> see/test), because it calls 'diff' and then with the output patches the
  > buffer.

It sounds like an improvement in functionality,
but wouldn't it be a lot slower?

--
Dr Richard Stallman
President, Free Software Foundation (https://gnu.org, https://fsf.org)
Internet Hall-of-Famer (https://internethalloffame.org)





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bug#18: Fine-grained revert-buffer

martin rudalics
In reply to this post by Mauro Aranda
 > When I bumped into the problem of the marker being sent to the
 > beginning of the hunk, I started looking for something to get the
 > markers of the buffer, but didn't found anything at the Lisp level.

We could introduce a function 'marker-list' based on BUF_MARKERS.

martin



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bug#18: Fine-grained revert-buffer

Mauro Aranda
In reply to this post by Richard Stallman
Richard Stallman <[hidden email]> writes:

> It sounds like an improvement in functionality,
> but wouldn't it be a lot slower?

Hello Richard.

Compared to revert-buffer, yes, I would expect it to be slower (not sure
if a lot).  But maybe the trade-off between time and preserving some
buffer information is worth it, let's see.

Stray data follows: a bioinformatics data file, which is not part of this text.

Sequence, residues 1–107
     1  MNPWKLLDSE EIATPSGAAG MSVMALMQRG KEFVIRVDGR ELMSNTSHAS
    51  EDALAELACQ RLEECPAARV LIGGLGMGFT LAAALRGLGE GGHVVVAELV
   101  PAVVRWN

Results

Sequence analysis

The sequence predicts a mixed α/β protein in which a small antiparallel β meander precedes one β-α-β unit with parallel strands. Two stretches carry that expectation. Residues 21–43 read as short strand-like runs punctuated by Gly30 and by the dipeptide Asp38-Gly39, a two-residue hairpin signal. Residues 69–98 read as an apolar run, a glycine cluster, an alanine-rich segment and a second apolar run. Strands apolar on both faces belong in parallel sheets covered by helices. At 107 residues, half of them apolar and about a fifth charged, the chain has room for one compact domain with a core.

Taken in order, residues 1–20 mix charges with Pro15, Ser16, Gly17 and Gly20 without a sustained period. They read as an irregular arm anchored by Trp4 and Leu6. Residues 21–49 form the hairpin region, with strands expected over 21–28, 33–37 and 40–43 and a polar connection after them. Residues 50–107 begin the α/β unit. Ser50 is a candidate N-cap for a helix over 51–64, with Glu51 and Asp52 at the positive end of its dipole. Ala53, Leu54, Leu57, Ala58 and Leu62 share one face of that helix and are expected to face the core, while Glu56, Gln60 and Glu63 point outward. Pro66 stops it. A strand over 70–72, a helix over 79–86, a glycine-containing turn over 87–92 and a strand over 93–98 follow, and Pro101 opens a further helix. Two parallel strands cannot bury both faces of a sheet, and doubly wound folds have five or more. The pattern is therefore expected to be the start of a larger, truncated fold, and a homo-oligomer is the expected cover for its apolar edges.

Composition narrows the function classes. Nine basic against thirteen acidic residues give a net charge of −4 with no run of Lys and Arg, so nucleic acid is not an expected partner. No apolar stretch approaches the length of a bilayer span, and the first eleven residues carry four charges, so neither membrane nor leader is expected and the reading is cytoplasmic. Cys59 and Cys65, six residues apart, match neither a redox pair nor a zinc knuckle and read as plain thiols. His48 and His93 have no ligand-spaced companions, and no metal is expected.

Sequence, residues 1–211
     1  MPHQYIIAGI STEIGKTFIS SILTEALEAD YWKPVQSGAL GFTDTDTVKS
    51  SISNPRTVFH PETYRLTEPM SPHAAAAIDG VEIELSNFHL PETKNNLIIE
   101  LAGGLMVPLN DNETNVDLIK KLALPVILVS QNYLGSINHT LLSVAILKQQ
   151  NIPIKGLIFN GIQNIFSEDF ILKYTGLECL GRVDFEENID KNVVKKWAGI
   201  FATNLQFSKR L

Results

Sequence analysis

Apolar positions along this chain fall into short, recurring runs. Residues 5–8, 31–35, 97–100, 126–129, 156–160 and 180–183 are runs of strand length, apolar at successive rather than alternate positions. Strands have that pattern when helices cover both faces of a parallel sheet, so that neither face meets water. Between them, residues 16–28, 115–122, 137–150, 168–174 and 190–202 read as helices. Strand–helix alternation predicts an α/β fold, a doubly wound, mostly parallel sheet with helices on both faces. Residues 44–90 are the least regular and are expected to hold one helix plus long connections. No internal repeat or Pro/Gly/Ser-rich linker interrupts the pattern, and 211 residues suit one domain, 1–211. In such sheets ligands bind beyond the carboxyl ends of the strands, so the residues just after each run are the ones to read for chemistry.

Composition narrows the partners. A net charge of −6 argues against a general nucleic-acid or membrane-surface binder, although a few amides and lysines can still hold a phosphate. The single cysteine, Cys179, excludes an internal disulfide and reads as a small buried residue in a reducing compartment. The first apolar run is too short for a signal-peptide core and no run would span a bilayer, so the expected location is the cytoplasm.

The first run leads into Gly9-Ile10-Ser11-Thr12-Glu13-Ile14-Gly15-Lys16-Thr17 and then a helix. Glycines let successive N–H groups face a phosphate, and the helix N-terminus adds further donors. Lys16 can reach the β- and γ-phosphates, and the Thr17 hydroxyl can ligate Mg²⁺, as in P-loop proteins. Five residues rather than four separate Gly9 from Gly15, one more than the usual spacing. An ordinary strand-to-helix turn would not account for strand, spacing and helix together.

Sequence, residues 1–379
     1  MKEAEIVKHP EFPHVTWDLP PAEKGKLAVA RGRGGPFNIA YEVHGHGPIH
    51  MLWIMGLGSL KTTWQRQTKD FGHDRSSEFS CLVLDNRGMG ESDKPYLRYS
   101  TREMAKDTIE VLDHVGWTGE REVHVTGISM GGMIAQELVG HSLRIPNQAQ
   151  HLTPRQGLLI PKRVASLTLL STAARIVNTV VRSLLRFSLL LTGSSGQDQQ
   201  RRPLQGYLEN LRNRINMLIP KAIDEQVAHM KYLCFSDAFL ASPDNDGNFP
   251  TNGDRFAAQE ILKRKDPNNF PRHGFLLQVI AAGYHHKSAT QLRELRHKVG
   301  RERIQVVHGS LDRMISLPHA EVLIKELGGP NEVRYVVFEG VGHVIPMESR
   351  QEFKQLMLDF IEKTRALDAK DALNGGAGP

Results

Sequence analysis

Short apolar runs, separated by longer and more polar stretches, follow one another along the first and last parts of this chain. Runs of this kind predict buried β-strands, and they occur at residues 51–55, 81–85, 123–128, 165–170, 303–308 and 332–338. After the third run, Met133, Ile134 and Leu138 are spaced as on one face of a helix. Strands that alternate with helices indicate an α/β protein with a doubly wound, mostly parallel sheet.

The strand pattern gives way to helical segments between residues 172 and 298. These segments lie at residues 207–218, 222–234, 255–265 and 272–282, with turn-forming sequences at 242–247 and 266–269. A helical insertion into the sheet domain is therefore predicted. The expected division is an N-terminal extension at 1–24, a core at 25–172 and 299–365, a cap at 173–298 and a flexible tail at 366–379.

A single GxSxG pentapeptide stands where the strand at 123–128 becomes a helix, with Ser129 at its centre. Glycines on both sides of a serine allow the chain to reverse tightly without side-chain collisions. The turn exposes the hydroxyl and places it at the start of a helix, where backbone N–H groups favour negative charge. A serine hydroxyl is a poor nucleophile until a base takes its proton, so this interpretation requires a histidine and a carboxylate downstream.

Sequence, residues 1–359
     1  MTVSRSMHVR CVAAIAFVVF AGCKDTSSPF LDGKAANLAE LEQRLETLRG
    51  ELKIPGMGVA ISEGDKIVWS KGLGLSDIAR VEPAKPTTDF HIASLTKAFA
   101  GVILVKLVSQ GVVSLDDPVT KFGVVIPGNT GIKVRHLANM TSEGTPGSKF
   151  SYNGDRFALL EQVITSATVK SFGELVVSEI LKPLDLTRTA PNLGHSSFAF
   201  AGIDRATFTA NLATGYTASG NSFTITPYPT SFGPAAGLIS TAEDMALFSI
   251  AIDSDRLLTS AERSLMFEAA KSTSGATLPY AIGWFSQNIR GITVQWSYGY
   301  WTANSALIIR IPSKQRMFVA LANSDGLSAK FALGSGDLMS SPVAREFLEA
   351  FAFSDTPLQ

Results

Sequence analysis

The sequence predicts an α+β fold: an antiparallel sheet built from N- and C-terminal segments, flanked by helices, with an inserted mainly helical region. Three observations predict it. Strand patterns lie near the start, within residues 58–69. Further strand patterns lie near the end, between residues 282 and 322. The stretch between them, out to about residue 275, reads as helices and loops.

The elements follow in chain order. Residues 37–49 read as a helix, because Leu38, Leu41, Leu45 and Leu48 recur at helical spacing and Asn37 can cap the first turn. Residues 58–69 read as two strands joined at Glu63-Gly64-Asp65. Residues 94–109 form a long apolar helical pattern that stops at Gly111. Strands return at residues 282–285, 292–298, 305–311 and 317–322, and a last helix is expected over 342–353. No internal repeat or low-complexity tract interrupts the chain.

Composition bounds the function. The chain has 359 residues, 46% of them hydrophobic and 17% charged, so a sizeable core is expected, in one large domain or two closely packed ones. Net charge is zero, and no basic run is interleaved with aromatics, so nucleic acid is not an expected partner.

I'm finalizing some benchmarking, which I'll post in another email.
I'll wait for opinions about the results.

Best regards,
Mauro.
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bug#18: Fine-grained revert-buffer

Mauro Aranda
I've now written a similar function to revert the buffer, but using
replace-buffer-contents as I was suggested.  The new attached file
contains such function, which I called revert-buffer-with-fine-grain, to
honor a previous post.

I kept it as similar as I could to the revert-buffer-by-hunks
function, and went ahead to time both functions (I figure there will be
enough time to add functionality to them).  I additionally timed
revert-buffer.

For the files in Bug#31888, the results were:
revert-buffer: 0.122238819
revert-buffer-with-fine-grain: 2.85150876
rbbh-revert-buffer-by-hunks: 2.044583634

all times in seconds, substracting GC time.

To gather more data, I compared emacs-25.3 and emacs-26.2 C source
files (from the src/ directory), checking them out from the git
repository.  I did the test as if I was going back from emacs-26.2 to
emacs-25.3.  I think these files provided a good range of changes in
size and number of hunks, obtained from `diff --normal'.

I attach the data as ascii file.  Let me know if I should send it in
another format.  The tests are with the latest master, optimized build,
run as `emacs -Q'.

For the majority of files, revert-buffer and